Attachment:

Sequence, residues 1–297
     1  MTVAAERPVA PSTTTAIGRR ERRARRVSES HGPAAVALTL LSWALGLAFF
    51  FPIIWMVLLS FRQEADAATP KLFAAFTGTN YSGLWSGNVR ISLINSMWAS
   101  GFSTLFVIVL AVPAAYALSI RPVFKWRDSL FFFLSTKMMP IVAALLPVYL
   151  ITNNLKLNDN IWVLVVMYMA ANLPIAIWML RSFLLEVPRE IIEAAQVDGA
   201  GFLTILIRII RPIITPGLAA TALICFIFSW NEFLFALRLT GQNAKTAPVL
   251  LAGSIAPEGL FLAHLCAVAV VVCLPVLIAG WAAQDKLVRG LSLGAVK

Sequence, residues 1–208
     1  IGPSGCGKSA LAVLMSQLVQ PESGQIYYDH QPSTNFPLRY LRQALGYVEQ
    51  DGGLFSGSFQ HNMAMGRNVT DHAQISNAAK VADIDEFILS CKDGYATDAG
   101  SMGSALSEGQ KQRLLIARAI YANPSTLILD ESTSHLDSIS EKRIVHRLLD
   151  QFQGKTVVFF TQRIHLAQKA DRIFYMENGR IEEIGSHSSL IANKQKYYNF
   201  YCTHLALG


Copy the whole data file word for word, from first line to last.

Sequence, residues 1–297
     1  MTVAAERPVA PSTTTAIGRR ERRARRVSES HGPAAVALTL LSWALGLAFF
    51  FPIIWMVLLS FRQEADAATP KLFAAFTGTN YSGLWSGNVR ISLINSMWAS
   101  GFSTLFVIVL AVPAAYALSI RPVFKWRDSL FFFLSTKMMP IVAALLPVYL
   151  ITNNLKLNDN IWVLVVMYMA ANLPIAIWML RSFLLEVPRE IIEAAQVDGA
   201  GFLTILIRII RPIITPGLAA TALICFIFSW NEFLFALRLT GQNAKTAPVL
   251  LAGSIAPEGL FLAHLCAVAV VVCLPVLIAG WAAQDKLVRG LSLGAVK

Sequence, residues 1–208
     1  IGPSGCGKSA LAVLMSQLVQ PESGQIYYDH QPSTNFPLRY LRQALGYVEQ
    51  DGGLFSGSFQ HNMAMGRNVT DHAQISNAAK VADIDEFILS CKDGYATDAG
   101  SMGSALSEGQ KQRLLIARAI YANPSTLILD ESTSHLDSIS EKRIVHRLLD
   151  QFQGKTVVFF TQRIHLAQKA DRIFYMENGR IEEIGSHSSL IANKQKYYNF
   201  YCTHLALG